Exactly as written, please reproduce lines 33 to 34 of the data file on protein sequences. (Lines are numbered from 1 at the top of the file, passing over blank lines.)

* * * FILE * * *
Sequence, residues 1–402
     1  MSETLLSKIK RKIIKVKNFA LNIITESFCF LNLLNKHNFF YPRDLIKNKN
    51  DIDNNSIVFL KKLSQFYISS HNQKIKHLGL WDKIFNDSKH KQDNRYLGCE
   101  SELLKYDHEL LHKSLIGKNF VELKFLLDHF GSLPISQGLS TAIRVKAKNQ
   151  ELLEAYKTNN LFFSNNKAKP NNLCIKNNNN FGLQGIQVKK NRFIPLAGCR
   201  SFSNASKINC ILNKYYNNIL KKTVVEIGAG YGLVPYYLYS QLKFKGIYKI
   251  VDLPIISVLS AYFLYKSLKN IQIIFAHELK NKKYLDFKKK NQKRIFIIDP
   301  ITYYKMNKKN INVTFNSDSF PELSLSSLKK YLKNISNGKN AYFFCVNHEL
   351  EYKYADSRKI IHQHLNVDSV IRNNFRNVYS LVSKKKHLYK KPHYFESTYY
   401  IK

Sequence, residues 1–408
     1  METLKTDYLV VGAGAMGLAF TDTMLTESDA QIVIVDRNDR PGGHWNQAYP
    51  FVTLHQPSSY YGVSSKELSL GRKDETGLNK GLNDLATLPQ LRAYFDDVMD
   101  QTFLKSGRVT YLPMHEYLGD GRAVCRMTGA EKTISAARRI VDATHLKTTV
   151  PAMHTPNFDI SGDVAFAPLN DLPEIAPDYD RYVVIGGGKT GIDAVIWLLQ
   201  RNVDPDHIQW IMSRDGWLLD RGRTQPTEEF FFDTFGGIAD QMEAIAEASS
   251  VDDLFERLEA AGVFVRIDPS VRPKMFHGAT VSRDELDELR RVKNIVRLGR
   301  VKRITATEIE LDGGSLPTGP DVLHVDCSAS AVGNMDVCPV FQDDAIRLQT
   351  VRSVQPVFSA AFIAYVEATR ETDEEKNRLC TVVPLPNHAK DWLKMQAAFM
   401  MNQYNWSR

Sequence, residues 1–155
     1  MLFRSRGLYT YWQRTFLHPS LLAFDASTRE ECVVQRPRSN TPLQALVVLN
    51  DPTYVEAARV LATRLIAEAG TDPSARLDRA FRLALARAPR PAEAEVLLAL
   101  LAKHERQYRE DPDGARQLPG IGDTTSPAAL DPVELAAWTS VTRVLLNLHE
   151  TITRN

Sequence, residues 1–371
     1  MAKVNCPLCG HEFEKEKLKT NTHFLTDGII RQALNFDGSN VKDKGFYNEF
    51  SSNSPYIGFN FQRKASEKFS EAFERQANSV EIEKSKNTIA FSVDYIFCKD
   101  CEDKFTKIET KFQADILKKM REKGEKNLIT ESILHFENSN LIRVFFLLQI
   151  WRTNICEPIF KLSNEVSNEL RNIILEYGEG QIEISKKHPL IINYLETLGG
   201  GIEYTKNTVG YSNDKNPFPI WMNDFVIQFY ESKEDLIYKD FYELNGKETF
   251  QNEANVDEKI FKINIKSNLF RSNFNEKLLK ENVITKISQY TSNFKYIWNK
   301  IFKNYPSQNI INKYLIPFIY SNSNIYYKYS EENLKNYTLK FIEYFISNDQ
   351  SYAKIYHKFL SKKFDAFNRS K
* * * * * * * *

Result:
   301  IFKNYPSQNI INKYLIPFIY SNSNIYYKYS EENLKNYTLK FIEYFISNDQ
   351  SYAKIYHKFL SKKFDAFNRS K